• Chocolove dark chocolate, 55% – nuttiness to the flavor, which starts off sweet and has a long finish. Vanilla notes? Thick texture.
  • Nirvana Single Origin Granada, 60% – fairly straightforward cocoa flavor with a strong roasted taste.
  • Scharffen Berger 62% semisweet – fruity notes, sweet finish

  • Vosges Calindia (Indian green cardamom, organic California walnuts, dried plums in 65% Venezualan dark chocolate) – strong spice flavor. Can taste the sweetness of the plums and feel where it adds texture.
  • Nirvana Single Origin Santa Domingo, 67% – strong earthiness, dirt flavor. Not at all well received (the wrapper promised herbal tones, which must have been the dirt flavor people complained about).
  • Green and Black’s Maya Gold (orange and spices) – on first taste, strong notes of pepper with a light orange finish. On second taste, orange flavor stronger. Many people said the bar tasted like marmalade.
  • Scharffen Berger 70% bittersweet – super fruity with a cocoa finish
  • Dagoba Conacado, 73% – nutty
  • Dagoba New Moon, 74% – sweeter than the Conacado with a dark fruitiness
  • Dagoba Xocolatl, 74% with chilies and nibs – slight fruitiness to the chocolate. STRONG chili flavor that wallops your taste buds on first impact. Not the way I like my chili chocolate.
  • Endangered Species 88% Extreme Dark (panther) – vanilla scent with a nice smoky flavor.
  • Ghirardelli 100% baking chocolate – completely dries up the mouth. Worse than the 100% La Maison du Chocolat bar.

Vosges Truffles

As previously mentioned on Monday, my box of 9 of Vosges Exotic Truffles were samples sent by the company. I shared them with friends, which is the best way to savor fine chocolates. From left to right and top to bottom they are (the last two trio photos are slightly off, with the Ambrosia and Chef Pascal swapped):

Naga – sweet Indian curry powder + coconut + milk chocolate – I’ve had the Naga chocolate bar before and liked it, and I similarly enjoyed the curry dusted Naga truffle. The curry flavor is initially strong before it gets a bit mellowed by the coconut flavor coming through. The milk ganache balanced the two flavors well, and the truffle makes me think of Thai food.

Budapest – sweet Hungarian paprika + dark chocolate – Paprika isn’t really used in Chinese cooking, so I have no idea what its flavor profile is like. I found the Budapest to taste extremely, unpleasantly earthy. Even the more enjoyable dark chocolate finish wasn’t enough to make me like this truffle more. My friend Rita made a face and said it tasted like dirt, while my other friend Chris enjoyed it.

Gianduia – crunchy hazelnut praline + milk chocolate + praline bits – As I have said before, it’s hard to go wrong with the classic flavor combination of chocolate and hazelnut. The Gianduia’s hazelnut flavor was strong without being overpowering, and I found the nuttiness to be fresher and more genuine that anything Ferrero has ever made. The praline topping was also a nice, sweet, crunchy touch.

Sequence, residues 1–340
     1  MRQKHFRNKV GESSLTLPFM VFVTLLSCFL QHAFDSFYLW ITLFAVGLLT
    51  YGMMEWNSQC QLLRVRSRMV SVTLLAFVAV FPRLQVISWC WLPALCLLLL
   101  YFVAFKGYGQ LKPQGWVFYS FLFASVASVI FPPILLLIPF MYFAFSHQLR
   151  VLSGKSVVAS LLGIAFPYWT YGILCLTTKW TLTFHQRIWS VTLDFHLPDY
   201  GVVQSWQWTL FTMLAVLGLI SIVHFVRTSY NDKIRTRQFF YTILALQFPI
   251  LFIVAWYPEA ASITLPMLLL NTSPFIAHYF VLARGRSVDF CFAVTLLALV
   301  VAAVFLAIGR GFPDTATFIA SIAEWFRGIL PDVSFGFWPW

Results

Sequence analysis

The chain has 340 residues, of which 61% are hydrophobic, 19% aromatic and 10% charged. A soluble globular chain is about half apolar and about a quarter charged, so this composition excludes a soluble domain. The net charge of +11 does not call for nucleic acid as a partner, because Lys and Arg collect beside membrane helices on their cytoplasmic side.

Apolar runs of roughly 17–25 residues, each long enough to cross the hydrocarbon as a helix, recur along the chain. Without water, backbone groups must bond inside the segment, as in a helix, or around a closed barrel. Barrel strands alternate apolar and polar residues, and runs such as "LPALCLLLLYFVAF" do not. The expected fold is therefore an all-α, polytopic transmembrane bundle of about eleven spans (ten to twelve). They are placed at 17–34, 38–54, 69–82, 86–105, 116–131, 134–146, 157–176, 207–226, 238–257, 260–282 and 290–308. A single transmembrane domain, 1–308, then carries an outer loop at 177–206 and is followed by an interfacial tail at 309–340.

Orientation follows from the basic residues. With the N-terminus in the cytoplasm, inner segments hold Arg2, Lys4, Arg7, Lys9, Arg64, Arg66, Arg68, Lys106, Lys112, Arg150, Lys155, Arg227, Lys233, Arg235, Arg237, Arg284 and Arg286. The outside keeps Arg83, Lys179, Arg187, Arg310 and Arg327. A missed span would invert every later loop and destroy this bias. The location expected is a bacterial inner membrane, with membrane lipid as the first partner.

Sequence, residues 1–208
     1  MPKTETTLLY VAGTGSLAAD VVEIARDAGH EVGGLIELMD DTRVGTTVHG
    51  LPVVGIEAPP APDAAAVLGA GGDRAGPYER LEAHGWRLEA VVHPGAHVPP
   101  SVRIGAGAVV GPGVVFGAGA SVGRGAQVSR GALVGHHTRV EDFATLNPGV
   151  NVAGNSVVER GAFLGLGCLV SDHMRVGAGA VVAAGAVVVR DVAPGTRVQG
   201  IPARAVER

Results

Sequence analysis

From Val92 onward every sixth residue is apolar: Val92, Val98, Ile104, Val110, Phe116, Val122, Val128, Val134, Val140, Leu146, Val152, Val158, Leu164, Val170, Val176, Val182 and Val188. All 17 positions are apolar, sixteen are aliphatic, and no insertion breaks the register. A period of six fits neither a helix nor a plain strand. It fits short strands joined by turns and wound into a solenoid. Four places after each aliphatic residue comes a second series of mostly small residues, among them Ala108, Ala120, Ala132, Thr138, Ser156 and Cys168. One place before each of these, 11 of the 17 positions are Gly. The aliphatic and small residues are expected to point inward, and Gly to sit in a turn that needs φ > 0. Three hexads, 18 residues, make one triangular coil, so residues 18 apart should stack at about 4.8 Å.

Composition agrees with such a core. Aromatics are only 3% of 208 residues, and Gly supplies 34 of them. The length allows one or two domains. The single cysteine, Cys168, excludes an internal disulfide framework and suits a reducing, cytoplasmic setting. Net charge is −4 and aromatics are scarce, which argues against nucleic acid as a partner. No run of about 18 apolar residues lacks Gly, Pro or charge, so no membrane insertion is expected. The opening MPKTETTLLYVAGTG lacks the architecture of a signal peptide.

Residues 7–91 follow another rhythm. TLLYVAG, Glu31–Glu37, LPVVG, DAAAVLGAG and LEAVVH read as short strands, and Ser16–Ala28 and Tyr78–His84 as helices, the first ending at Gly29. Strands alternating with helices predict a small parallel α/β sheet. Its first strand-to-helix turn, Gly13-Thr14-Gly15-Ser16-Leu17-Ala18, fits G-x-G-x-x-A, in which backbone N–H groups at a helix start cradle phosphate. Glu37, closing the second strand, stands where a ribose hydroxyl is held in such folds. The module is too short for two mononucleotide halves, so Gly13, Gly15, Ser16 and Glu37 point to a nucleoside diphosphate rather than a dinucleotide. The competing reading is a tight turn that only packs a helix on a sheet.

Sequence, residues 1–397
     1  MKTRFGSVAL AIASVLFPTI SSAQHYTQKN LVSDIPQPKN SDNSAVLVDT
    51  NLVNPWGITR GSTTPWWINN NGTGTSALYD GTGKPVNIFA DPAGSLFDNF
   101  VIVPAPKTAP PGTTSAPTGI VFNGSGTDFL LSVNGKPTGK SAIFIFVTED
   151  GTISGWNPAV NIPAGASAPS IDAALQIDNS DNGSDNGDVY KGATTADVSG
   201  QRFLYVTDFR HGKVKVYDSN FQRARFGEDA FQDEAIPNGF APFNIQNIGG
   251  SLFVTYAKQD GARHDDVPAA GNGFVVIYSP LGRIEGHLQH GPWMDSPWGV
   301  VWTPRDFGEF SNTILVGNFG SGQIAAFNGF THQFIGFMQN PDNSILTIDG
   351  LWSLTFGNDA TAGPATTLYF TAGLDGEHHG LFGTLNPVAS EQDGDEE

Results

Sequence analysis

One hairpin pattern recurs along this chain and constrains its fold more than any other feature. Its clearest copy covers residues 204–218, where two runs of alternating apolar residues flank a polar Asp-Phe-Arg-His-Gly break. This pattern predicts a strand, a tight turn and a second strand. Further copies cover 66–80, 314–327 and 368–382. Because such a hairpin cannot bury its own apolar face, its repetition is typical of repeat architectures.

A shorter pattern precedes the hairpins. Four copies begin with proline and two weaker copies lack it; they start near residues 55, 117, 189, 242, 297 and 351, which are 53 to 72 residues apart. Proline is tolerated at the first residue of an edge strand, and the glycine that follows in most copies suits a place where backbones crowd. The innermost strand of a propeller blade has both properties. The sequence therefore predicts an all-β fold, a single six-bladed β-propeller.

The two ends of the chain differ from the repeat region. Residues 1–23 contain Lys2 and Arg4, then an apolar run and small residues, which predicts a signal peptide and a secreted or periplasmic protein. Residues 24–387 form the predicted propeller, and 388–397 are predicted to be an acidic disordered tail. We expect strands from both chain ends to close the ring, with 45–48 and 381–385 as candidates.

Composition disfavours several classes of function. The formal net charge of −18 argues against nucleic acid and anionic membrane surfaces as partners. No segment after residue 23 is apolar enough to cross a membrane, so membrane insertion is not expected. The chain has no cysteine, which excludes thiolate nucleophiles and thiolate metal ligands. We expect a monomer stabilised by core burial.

Black Pearl – ginger + wasabi + dark chocolate + black sesame seeds – When I tasted the bar version of the Black Pearl, I found its wasabi flavor to be absent. In the truffle, wasabi flavor is definitely there. It starts out tasting like ginger, and the wasabi rounds out the middle. I’m not a big fan of ginger and chocolate, but I can see why some people love it and how they would love this truffle.

Wink of the Rabbit – soft caramel + deep milk chocolate + organic New Mexican pecan – The top half of this interestingly named truffle is made of ganache, while the bottom half is made of a caramel that tastes like a soft toffee. I found it to be on the verge of sugar overload, and the organic New Mexican pecan (because pecan sourcing is soooo important, I guess) doesn’t add anything to the truffle or temper its sweetness.

Chef Pascal – kirsch + dark chocolate + dried Michigan cherry – This truffle has a strong liqueur flavor that I enjoyed. Eating this truffle is sort of like eating an uber fancy cherry cordial, except much better because the Vosges ganache is so rich and smooth and creamy.

Woolloomooloo – Australian macadamia nut + coconut + deep milk chocolate – The Woolloomooloo has a strong coconut flavor that tastes extremely and pleasantly fresh and a nice, dusky chocolate finish. I couldn’t taste the macadamia nut, but it was just fine without it.

Ambrosia – macadamia nuts + Cointreau + white chocolate – Like in the Woolloomooloo (man, is that fun to type!), the macadamia nuts are just too mildly flavored to stand out. The Cointreau (an orange liqueur) makes this truffle super sweet and fruity, and the white chocolate gives it a thickly sweet finish. I don’t particularly care for white chocolate, but I do appreciate the concept and flavor of this truffle.

Absinthe – Chinese star anise + fennel + pastis + dark chocolate + cocoa powder – I wasn’t expecting to like this truffle because I don’t like licorice or anise. I was right, sort of, as I didn’t like it, but I didn’t dislike it. The anise flavor is more reminiscent of Chinese five spice than of licorice. My licorice-loving suitemate enjoyed this.

I would not buy Vosges truffles for myself to eat because they’re so pricey, but I would buy them for others. The packaging is pretty, the truffles themselves are exquisitely gorgeous, the smooth and creamy ganaches are luxuriously indulgent, and the flavor combinations are unique and creative. An OMG, but only if someone else is buying.